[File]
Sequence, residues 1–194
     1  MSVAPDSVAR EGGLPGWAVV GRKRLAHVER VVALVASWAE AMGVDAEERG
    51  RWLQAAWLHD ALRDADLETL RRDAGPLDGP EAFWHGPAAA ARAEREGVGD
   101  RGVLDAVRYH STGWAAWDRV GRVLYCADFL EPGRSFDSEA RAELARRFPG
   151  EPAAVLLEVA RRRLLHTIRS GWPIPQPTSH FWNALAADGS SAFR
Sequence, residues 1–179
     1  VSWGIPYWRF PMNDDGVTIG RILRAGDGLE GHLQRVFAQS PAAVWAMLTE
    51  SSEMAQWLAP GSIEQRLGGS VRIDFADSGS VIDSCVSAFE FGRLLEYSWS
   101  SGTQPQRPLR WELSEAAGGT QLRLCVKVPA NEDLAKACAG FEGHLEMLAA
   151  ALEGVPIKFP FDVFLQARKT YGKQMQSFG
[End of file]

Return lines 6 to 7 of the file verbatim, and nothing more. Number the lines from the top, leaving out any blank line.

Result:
Sequence, residues 1–179
     1  VSWGIPYWRF PMNDDGVTIG RILRAGDGLE GHLQRVFAQS PAAVWAMLTE